Technically, spaying and neutering are thought to trigger very subtle changes in the growth rate trajectory of puppies (pack a lunch before visiting that link) and they can influence the adult size of a dog very slightly.
However, this change in adult size occurs in the opposite direction than most owners suspect: Dogs altered before 16 weeks of age actually grow a bit bigger than those who aren’t spayed or natured at this age do.
Nevertheless, hormones aren’t the primary drivers of growth – genetics and nutrition are. The differences brought about by neutering and spaying procedures only become apparent when you look at buckets full of data, representing thousands of individuals. Your decision to spay or neuter your pet shouldn’t change his adult size in an appreciable way.
Note that many large breeds remain within the mental and emotional bounds of puppyhood for long after they’ve stopped growing.
They may have reached their full size and passed their second birthday, but they still have that lovable puppy face. Many also maintain a goofy, playful puppy-like demeanor at this time.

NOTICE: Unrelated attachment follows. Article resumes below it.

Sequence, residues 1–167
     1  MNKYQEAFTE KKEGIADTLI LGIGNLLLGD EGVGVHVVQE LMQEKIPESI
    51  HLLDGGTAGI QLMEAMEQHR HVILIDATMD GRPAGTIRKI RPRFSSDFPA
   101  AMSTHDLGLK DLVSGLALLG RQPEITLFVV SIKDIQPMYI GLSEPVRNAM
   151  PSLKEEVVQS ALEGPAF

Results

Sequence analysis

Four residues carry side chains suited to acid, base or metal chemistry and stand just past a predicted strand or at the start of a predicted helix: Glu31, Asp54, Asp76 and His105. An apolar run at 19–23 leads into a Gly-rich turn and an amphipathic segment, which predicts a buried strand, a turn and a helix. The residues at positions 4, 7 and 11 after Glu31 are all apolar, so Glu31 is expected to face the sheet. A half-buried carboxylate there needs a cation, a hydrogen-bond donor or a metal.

It isn’t entirely clear why this occurs, but it may be related to social factors. Puppies exhibit a lot of the same facial characteristics that other young animals do, including big eyes and rounded faces, among other things. These traits are thought to help encourage tolerance and care-taking behavior in adults.
So, their puppy-like features may help prevent adult dogs from taking exception to their social faux pas.
Have you ever had a dog that grew for an exceptionally long or short period of time? I’ve always kept big dogs, so I’m used to watching them grow for about 12 to 18 months. My Rottie reached her final height at about 16 months of age, but she continued filling out for another year or so.
Let us know about your pooch’s growth in the comments below!
Ben is a lifelong environmental educator who writes about animals, trees, outdoor recreation, science and environmental issues. He lives with his beautiful wife and spoiled-rotten Rottweiler in Atlanta, Georgia. Read more by Ben at FootstepsInTheForest.com or @FootstepsForest on Twitter.